Named in honour of Jérôme Le Royer de La Dauversière, founder of the Société de Notre-Dame, it was the site of the Lemoine-Despins family home in 1750, then James McGill in 1805.
Address: 280 Rue Notre-Dame Est | Nearby: Sits between Place Jacques-Cartier and Château Ramezay
#16 Victoria Square
Victoria Square is a public space where Old Montréal ends and Downtown Montreal begins. The Square was named after Queen Victoria (1819-1901) and the monument was unveiled in 1872. The entrance to the métro station in the Square bears an authentic Paris métro railing. The Art Nouveau casting was designed by Hector Guimard in 1900 and was offered to the city of Montréal by the city of Paris, on the occasion of the 1967 World Exhibition.
Address: Rue du Square-Victoria | Nearby: Royal Bank Tower
If you’d rather see the sights of Old Montréal led by a professional guide, join this 2-hour VIP Walking Tour to learn about the district’s history and architecture and enjoy a beverage and rest-stop treat
Best Eateries in Old Montreal
Here are the best places to go for…
- Boulangeries: L’Amour du Pain Vieux-Montreal, bar à beurre, La Cave à Manger
- Brunch: Olive et Gourmando, Jardin Nelson, Chez Suzette
- Cafés: Café Olimpico, Tommy, Café de Mercanti, Le Petit Dep
- Ice Cream: Ca Lem, Le Petit Dep, Mlle Catherine
- Dinner: Toqué! Garde Manger, Pyrenees
Or, why not dine at one of these two historical places…
Best Place to Stay in Old Montreal
St Paul Hotel
The St Paul Hotel is located in Old Montréal in a Beaux-Arts building. Beaux-Arts architecture was the academic architectural style taught at the École des Beaux-Arts in Paris during the period from the 1830s until the end of the century. The interior is just as impressive as the exterior. The award-winning Borrallo Interiors, a Montreal design firm, created a sophisticated, yet bold space. Vibrant colours in rich jewel tones add a bit of drama to its modern clean lines. And, it’s also known as the first-ever boutique hotel in Canada.
Top 5 reasons why St Paul Hotel is the best place to stay:
- It’s dog friendly (note there is a $50/night charge for your pet).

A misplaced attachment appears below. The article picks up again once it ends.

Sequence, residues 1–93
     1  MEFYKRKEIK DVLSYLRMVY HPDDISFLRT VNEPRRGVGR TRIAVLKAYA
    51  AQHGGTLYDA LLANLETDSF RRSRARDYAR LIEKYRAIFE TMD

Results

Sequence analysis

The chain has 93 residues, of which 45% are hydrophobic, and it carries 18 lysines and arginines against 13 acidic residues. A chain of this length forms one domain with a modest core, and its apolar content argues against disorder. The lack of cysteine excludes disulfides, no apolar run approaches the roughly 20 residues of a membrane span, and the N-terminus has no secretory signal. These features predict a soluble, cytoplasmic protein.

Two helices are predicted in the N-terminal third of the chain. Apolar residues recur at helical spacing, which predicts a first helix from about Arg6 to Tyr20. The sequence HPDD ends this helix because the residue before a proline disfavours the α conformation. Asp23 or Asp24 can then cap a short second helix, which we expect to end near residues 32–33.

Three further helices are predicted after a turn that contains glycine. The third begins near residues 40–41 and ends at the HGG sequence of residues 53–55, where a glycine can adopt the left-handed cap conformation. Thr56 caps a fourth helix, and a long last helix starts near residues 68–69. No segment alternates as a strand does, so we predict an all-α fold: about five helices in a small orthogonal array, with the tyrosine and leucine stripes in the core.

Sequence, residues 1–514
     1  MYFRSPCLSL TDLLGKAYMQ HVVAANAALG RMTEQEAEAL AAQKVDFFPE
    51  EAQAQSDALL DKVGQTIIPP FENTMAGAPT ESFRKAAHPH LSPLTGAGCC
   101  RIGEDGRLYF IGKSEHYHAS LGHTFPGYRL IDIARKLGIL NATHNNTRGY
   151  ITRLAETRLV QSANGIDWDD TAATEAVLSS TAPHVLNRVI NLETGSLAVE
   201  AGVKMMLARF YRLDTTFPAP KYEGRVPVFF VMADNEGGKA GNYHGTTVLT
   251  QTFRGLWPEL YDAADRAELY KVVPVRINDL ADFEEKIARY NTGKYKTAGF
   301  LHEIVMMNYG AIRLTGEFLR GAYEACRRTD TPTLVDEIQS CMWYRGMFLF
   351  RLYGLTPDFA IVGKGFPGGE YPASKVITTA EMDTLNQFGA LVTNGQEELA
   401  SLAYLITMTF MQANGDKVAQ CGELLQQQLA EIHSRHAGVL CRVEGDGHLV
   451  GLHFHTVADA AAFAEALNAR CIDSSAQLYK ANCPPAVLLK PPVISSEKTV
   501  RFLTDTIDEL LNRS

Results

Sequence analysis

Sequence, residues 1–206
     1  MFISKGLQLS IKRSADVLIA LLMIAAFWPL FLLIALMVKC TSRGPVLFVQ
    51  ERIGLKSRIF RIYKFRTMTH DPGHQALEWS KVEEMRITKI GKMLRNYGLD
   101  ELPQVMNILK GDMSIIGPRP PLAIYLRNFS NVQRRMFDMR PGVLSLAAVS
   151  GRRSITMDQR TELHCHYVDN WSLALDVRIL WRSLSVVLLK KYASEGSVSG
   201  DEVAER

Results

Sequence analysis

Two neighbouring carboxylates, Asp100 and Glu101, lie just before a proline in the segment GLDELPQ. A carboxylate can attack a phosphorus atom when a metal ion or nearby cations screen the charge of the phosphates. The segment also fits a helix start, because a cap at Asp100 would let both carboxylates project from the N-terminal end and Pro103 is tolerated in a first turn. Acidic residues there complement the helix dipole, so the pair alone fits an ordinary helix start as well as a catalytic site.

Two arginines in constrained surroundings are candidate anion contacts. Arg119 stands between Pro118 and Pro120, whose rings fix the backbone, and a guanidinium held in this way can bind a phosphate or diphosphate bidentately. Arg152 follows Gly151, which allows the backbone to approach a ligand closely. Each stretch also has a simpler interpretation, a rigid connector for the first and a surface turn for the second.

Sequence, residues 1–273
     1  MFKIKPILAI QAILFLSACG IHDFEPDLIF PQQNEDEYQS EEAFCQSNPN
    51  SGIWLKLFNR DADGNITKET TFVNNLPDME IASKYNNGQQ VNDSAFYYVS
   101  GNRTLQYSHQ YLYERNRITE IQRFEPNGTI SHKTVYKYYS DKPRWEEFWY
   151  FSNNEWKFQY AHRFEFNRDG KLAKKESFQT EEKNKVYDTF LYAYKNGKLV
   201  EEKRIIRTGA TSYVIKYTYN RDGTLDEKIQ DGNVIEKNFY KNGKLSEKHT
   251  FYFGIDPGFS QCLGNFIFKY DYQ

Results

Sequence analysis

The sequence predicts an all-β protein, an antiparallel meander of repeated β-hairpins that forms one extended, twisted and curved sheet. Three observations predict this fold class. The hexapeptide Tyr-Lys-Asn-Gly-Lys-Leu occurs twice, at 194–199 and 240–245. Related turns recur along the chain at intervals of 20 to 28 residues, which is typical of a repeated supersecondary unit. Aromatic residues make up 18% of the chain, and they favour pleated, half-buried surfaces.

- The location. Even though Old Montreal is small and walkable, the hotel is away from the most ‘touristy’ area of this neighbourhood.
- It’s an architectural gem.
- The interior design is highly stylized and uber-cool.
- Their personalized service was top-notch.
Tip when booking: ask for the top floor and you will be awarded amazing views of the city (Request Room 1007).
Montreal Travel Tips
If you are coming to Montreal for the first time, here are some of the top travel tips you should be aware of:
- After Paris, Montreal holds the position of the second-largest French-speaking city in the world. However, you’ll find that most people speak both English and French.
- Montreal is a walkable city and really only needs transportation (car, metro, bus) if you’re planning to hop from neighbourhood to neighbourhood.
- Looking for Happy Hour? Look for signs in front of pubs, bars, and some restaurants that advertise “5-à-7 or cinq-à-sept”. This is how Montreal refers to Happy Hour.
- Montreal is a city where you can enjoy many festivals, historical places and museums. So, to experience all these things, you should plan a trip of 5-7 days which will be enough time to experience this city.
- Beyond Old Montreal, the top attractions in Montreal are Mount Royal Park, Montreal Botanical Garden, and Saint Joseph’s Oratory of Mount Royal, as well as visiting some of the other neighbourhoods in Montreal
Why you should visit Old Montreal?
Old Montreal is a must-visit destination for its charming European architecture, rich history, vibrant culture, delicious food, and endless entertainment options.
What are some things to do in Old Montreal at night?
Old Montreal is bustling with nightlife, including rooftop bars, live music venues, ghost tours, night markets, river cruises, and historic walks.
What is the famous Old Montreal street?
Rue Saint-Paul is the most famous street in Old Montreal, known for its historic architecture, trendy shops, art galleries, and world-class restaurants.
As a Holidaymaker
Montréal is such a lively historic city. The late, and great, Anthony Bourdain had a deep affection for the city and said, “It’s where the cool kids hang out.” And he’s right! I love everything about this city, especially Old Montréal. It can rival any European city. With this itinerary, plan to spend a full day in Old Montréal. Au reviour!